Thursday, 31 May 2001
Seanad Eireann Debate
Mr. Dardis: The Order of Business is No. 1, motion regarding Mini-CTC signalling project, to be taken without debate; No. 2, Mental Health Bill, 1999 – Second Stage, with the contributions of spokespersons not to exceed 15 minutes and other Senators not to exceed ten minutes; and No. 3, Electoral (Amendment) Bill, 2000 – Committee Stage, to be taken from 2 p.m. to 4 p.m. or if section 48 is reached earlier, to be adjourned at that point. Business will be interrupted from 1 p.m. to 2 p.m.
Senator Cosgrave asked a question yesterday about the Horse and Greyhound Racing Bill. I understand Report Stage in the Dáil is likely to be taken on 22 June and it should be introduced to this House before the end of the session.
Mr. Coogan: This House is the ideal forum to debate the issues of refugees and racism and the accusations made against the Taoiseach and a number of Ministers in recent advertisements. This area is suffused with a lot of emotion which could be dissolved if the House debated it and clarified aspects of the Refugee Act.
Mr. O'Toole: I am concerned about the arrangements the Government proposes to make regarding certain protections for people who did not declare offshore accounts. I seek an assurance from the Deputy Leader that this will not have implications for the matters being dealt with at  the tribunals. I wish to be certain that the Government is not leading us into a trap—
Mr. O'Toole: Or the Revenue Commissioners. I do not see what the other side of the House is concerned about. We are all concerned about openness, transparency and accountability. If there is a difficulty with what I am saying, Members on the other side should elaborate.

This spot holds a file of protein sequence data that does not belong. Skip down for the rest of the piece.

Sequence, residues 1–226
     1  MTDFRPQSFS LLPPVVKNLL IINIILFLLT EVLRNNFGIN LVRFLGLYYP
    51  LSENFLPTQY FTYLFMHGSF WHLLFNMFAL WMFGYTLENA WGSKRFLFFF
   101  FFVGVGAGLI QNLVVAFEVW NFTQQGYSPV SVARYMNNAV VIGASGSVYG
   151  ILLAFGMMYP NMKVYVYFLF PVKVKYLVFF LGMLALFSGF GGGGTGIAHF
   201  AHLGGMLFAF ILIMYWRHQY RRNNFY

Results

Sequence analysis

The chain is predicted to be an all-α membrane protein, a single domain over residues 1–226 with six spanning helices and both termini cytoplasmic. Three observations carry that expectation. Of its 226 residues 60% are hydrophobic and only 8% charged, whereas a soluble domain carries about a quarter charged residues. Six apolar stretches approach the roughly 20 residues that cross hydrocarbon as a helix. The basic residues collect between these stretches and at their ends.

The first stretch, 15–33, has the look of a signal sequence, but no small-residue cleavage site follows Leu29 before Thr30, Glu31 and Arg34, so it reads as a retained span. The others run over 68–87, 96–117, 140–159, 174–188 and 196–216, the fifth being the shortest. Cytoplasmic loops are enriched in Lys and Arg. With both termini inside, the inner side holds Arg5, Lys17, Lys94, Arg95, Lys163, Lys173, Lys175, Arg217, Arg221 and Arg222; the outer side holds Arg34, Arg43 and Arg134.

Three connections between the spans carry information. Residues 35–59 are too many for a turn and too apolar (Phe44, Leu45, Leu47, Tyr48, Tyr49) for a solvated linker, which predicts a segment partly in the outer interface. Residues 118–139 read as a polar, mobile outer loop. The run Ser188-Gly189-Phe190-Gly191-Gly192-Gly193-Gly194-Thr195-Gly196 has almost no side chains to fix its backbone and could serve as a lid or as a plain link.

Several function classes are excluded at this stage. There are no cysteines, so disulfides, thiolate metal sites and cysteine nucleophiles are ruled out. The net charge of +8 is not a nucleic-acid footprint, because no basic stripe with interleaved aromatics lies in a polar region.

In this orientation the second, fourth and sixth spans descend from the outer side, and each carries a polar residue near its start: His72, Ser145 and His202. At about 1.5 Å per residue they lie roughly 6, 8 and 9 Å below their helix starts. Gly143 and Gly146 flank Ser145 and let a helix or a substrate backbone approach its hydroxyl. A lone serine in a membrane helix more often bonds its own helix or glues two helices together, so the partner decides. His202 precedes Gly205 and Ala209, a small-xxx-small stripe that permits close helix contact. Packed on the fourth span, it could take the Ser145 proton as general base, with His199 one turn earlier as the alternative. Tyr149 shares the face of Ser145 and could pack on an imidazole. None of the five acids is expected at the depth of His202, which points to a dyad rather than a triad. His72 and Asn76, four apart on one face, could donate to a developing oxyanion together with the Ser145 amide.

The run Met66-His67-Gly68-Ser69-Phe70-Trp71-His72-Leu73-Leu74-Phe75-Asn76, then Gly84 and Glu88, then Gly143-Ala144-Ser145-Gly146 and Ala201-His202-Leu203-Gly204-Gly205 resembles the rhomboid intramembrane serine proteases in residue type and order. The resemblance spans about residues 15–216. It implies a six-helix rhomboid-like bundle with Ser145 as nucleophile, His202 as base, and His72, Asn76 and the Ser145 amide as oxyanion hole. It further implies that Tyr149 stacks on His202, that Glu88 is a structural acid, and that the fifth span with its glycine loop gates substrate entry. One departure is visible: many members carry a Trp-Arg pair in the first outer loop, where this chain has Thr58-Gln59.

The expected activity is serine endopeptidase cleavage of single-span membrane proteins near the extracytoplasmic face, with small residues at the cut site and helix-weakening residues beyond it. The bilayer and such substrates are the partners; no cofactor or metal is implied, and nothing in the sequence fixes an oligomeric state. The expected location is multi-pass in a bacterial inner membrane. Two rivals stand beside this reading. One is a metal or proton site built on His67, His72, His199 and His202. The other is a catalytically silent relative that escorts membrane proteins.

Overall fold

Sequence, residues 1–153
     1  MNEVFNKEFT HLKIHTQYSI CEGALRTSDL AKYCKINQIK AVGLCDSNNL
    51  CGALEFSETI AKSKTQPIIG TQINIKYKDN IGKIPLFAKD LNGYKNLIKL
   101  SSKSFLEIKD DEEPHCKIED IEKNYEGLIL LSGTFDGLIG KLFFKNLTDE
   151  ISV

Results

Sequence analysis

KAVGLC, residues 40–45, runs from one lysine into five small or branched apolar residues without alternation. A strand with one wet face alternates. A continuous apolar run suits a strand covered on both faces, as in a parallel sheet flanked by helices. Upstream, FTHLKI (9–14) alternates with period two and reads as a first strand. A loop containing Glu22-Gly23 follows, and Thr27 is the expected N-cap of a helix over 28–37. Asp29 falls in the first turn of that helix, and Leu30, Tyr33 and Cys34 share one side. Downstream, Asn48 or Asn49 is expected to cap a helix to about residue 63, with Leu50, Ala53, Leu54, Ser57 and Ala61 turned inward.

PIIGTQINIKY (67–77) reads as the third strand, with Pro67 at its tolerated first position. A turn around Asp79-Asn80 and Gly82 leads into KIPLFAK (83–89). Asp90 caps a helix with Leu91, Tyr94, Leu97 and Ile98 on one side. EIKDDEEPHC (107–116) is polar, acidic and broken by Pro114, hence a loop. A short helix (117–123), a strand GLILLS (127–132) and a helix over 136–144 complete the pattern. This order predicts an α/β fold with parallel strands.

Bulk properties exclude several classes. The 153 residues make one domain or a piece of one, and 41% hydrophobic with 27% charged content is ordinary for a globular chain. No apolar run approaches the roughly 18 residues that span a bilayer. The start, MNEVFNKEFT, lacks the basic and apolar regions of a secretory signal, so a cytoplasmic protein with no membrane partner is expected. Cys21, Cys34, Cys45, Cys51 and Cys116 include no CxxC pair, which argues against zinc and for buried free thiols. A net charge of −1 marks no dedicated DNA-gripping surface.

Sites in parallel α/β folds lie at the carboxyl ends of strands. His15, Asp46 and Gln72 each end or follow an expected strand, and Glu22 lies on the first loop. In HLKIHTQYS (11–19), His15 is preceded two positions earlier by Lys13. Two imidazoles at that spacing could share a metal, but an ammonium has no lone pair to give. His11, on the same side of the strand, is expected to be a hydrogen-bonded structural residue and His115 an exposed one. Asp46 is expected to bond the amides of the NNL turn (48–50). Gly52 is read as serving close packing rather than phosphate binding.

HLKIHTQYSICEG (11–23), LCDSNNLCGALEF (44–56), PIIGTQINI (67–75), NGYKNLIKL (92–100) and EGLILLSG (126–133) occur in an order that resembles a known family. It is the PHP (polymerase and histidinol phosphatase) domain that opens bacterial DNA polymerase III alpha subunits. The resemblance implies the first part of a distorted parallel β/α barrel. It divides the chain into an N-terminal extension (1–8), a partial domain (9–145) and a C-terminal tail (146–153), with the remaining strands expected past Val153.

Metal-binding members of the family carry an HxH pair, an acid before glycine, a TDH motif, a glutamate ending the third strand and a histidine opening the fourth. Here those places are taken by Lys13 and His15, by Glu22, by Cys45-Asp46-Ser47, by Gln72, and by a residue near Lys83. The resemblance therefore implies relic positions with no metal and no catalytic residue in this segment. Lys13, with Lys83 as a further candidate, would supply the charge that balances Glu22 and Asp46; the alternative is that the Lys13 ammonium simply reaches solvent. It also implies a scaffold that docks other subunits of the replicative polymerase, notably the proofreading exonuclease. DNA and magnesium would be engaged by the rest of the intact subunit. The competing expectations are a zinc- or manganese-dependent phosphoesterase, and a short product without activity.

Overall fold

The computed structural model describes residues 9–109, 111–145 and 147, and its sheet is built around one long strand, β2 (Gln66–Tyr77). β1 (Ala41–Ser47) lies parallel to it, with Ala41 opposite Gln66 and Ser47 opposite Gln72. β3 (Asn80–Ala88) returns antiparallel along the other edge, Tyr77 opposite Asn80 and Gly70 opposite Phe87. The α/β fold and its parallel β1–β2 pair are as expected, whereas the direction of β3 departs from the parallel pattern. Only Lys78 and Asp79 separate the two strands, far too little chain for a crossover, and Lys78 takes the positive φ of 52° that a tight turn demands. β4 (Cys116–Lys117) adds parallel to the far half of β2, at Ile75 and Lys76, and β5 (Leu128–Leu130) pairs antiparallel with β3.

Mr. O'Toole: I am concerned that the work of the tribunals may be undermined or perverted by proposals by the Revenue Commissioners which could be interpreted as giving retrospective protection to people who did not previously declare at tribunals that they had offshore accounts. Will the Deputy Leader clarify this? It has nothing to do with Fianna Fáil but perhaps that party's members know something we do not.
It may have gone unnoticed that in the past week in France a new railway line has been opened from Calais to the Mediterranean. This is how France provides support for rail transport. On many occasions in this House I have raised the question of opening the Sligo-Galway-Limerick railway line. When I last raised it some years ago I was supported by the Progressive Democrats. The Minister of State at the Department of the Environment and Local Government, Deputy Molloy, has also supported the idea on a number of occasions. Will the Deputy Leader ascertain the Government's view on this in terms of improving the infrastructure of the west? The issue has been raised by many people, including members of all political parties. It should be delivered as part of the commitment to the BMW region.
Ms O'Meara: It was agreed between some of the Whips. I am concerned that we will be dealing with some amendments to the Electoral (Amendment) Bill today while others which we have not seen will be considered on another date, but they may be relevant to earlier amendments. I have reservations about proceeding in this way although I accept the House is under pressure to deal with significant legislation before the end of the session and we are not in the business of delaying proceedings. It appears the Government is anxious to pass a lot of legislation before the  summer recess which would lead one to conclusions about events in the autumn.
Ms O'Meara: Will the Deputy Leader ask the Tánaiste and Minister for Enterprise, Trade and Employment to attend the House and explain what she intends to do to ensure that foreign workers coming to this country because of the labour shortage are properly treated by employers and are given the full rights and protections they are entitled to under the law and which Irish workers enjoy? Are legislative amendments required to ensure foreign workers, especially those from non-EU states, are properly treated in view of the severe labour force shortage in some sectors?